2 The Cable Car Model The model is based on the cable cars found in San Francisco. Unlike the systems used in the Alps and other mountainous regions, the San Francisco system consists of cables that are located under the road surface and connect to tram like cars. In our model a photovoltaic cell – a ‘solar panel’ – is located on the roof and supplies current to an electric motor which instead of being located in a winding house, is carried within the cable car itself. As the motor turns, it pulls in a cable that moves the car up the side of a valley. The output of the solar panel, and therefore the force that the motor produces, changes linearly with varying inclination from a moveable light source. When the light source is directly overhead, maximum output is produced and so maximum motor output is achieved. Deviations left or right by either the cable car or light source result in decreasing energy production. The range of light source locations that produce current in the solar panel we call the activation range and is analogous to the essential range of viable daisy temperatures in Daisyworld. It is assumed that the light source is so far away (e.g. the sun) that the energy input depends solely on relative angle to vertical, and any distance change is irrelevant.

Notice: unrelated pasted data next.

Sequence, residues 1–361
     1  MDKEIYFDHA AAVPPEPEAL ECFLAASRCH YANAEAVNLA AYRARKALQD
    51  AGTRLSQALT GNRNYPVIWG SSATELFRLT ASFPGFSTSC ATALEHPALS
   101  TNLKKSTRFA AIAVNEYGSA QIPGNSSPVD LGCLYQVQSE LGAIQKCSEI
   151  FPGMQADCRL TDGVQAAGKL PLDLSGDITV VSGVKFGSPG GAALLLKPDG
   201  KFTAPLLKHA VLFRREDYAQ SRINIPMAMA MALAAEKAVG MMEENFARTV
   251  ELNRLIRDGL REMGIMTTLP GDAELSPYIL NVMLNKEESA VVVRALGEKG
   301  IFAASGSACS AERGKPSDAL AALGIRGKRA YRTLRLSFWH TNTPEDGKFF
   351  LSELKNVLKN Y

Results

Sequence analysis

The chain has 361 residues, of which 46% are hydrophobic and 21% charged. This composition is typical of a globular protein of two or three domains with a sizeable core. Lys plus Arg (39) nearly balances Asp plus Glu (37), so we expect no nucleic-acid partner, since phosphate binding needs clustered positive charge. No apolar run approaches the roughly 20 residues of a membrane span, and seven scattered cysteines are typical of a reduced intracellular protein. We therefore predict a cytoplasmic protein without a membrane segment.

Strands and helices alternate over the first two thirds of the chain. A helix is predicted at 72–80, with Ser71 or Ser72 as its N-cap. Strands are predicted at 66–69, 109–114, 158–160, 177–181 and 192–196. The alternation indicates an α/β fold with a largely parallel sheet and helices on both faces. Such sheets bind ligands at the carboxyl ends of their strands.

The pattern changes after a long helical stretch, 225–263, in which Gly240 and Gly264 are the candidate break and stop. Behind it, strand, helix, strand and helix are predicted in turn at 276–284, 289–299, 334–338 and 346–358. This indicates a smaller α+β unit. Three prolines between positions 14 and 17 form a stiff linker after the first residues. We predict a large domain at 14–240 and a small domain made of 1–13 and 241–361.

This does not make any substantive difference to the behaviour of the model but does allow easier analysis.